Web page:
The Art of Getting through Long Islamic Lecture Series

Once upon a time, it was hard to get a hold of quality Islamic lectures.

But now, fast forward a few years – and you have a lecture overload.

The issue is no longer, “Where can I find them?” Rather, now it’s, “How can I get through them?”

How can I get through materials that I know will add value to my life but I have no pressing need to do so?

And I am not talking about the average twenty minute recorded conference talk about “five tips to get you through Ramadan,” I’m talking about those massive long series, hours and hours long, which are oozing with pearls of wisdoms. Think: the Seerah Series by Sheikh Yasir Qadhi, Seerah Life of the Prophet (saw) by Sheikh Abdul Nasir Jangda, the video libraries consisting of many series over at Bayyinah TV and IlmFlix… THAT is what I am talking about.

As a Muslim Life Hacker, this has been one of those things I’ve been trying to ‘hack’ in my imaginary life hacks lab. Alhamdulilah, as I’m writing this post, I’m happy to say that I have just finished the longest lecture series to date! It was none other than the Seerah Series by Sheikh Yasir Qadhi, consisting of 101 parts, ranging from 60 minutes to 90 minutes each, for a total of almost 120 hours! I was able to get through it without being accountable to anyone, or having to need to take a holiday for a month just to get through it.

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How did I do it? Well it’s an art of it’s own and I want to show you exactly how.

What I cover below can be applied to other things such as listening to more one-off lectures, audio books and podcasts – Islamic or non Islamic – but my focus is for those long lecture series that we badly want to go through but never get around to.

Let’s start!

 

1) Choose the Series:

Ask yourself:

What would you like to learn more about?

What will be of most benefit to you now?

What interests you?

These are some questions to ask when committing to a series.

A few more tips:

  • Seek personal transformation over collecting information and facts:It would be great if we could all sit down with a cup of coffee, take notes and create doodles while listening to a lecture, and If you can do this, then that’s great for you, but for most of us, it’s just an idealistic dream which stops us from doing anything, also known as “procrastination.” So do what you can, even if it’s just listening with intention to simply become a better person and remember that you can always go through the material again with more serious dedication and study.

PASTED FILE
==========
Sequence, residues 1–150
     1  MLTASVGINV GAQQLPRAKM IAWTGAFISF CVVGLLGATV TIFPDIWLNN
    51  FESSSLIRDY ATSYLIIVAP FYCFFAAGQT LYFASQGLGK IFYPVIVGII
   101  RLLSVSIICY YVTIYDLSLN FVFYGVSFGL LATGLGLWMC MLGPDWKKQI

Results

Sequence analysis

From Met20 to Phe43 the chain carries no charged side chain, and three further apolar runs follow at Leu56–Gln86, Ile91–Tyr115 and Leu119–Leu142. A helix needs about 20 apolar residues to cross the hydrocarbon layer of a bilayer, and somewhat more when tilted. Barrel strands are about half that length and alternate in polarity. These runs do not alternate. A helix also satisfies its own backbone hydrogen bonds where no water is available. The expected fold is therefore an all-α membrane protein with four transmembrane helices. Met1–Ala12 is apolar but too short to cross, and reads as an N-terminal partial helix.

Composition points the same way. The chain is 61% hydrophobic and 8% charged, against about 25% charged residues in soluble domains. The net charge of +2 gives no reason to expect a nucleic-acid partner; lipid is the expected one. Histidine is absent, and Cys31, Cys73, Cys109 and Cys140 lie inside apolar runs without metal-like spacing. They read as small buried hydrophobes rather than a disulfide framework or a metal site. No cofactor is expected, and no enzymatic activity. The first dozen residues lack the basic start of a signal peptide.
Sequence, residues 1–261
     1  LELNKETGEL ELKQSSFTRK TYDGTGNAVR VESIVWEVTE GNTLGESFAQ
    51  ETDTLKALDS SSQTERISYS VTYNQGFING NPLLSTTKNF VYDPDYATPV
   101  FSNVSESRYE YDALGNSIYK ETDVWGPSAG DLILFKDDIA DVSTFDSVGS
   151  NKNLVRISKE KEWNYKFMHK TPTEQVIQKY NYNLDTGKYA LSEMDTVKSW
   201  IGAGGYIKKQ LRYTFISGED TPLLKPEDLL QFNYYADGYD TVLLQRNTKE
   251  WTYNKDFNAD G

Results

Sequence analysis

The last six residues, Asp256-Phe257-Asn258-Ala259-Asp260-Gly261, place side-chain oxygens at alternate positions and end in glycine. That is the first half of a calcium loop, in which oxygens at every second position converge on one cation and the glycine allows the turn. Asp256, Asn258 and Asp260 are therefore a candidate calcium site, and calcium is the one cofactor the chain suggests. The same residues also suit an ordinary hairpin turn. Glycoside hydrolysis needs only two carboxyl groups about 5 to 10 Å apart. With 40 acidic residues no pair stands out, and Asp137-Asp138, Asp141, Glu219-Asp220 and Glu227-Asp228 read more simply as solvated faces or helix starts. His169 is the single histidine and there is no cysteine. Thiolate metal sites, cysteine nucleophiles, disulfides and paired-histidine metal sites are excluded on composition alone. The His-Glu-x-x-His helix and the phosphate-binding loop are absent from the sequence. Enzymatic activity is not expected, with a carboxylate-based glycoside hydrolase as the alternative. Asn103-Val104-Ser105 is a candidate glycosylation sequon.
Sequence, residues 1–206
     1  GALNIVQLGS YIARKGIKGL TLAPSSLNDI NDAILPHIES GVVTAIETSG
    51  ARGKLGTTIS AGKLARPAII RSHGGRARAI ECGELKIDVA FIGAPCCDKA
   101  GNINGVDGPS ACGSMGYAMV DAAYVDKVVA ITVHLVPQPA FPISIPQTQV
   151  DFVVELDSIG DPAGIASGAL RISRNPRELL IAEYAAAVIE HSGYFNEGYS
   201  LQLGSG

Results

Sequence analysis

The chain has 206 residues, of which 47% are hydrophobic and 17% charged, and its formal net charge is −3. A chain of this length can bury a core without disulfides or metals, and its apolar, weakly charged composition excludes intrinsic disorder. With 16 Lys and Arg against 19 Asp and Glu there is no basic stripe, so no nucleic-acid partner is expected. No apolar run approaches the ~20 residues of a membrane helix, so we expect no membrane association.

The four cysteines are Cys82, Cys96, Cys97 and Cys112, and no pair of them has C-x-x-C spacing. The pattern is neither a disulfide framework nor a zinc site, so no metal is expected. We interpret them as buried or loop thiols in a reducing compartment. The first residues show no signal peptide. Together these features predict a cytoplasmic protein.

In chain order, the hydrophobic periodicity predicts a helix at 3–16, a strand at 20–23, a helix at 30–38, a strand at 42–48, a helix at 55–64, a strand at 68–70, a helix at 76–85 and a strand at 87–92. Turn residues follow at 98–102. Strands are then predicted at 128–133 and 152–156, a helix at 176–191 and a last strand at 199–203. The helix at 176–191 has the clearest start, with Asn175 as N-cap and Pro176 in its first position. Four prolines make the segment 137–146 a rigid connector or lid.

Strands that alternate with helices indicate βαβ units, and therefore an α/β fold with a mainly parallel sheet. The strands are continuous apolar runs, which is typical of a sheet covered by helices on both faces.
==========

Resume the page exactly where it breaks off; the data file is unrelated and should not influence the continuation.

• Look for something you enjoy listening to: If there is a topic that interests you but the way it’s presented makes you go to sleep (maybe it is too technical for your liking) then don’t feel bad to choose another one and come back to it later.
  • Start with one:When you get more advanced, you can go through multiple series at a time, but for now, start with just one and prove to yourself that you can finish it.

 

2) Create a Fool Proof Set Up:

Now that you have identified what you want to listen to, you need to set it up on your portable listening device (I assume you’ll be listening on your mobile device, iPod, etc.) and remove any obstacles that may prevent you from finishing it. These obstacles differ depending on the format: podcast series, audio series, YouTube series, or videos on a website.

I am going to cover each one including how to set them up.

Podcasts

Podcasts are the easiest way to get through a series because, once it’s set up on your device, it takes care of everything, leaving very little to prevent you from finishing. In fact, the seerah series I completed earlier was in podcast format.

How to Set up for Listening:
As an avid consumer of podcasts and a podcaster myself, I’ve found that many are still missing out on the benefits of podcasts. If this sounds like you, then here are some quick video tutorials on how to set up podcasts on your AndroidApple and Window devices.

Also there are a variety of podcast players out there – free and paid. I use Pocketcasts and PlayerFM.

Possible Obstacles:

  • I can’t listen outside without an internet connection.
    • Solution:Download the podcasts you want to hear when you’re within a Wi-Fi connection and it will be available for offline listen.
  • I can’t find the series.
    • Solution:Search for it within the podcast app. If the series you want to hear is not available as a podcast then explore the other options mentioned below.
  • I don’t know where I am up to
    • Solution:The podcast player will remember your playback position, so you can listen to multiple audios without losing the place for any of them.

Audio Files (Mp3 Files)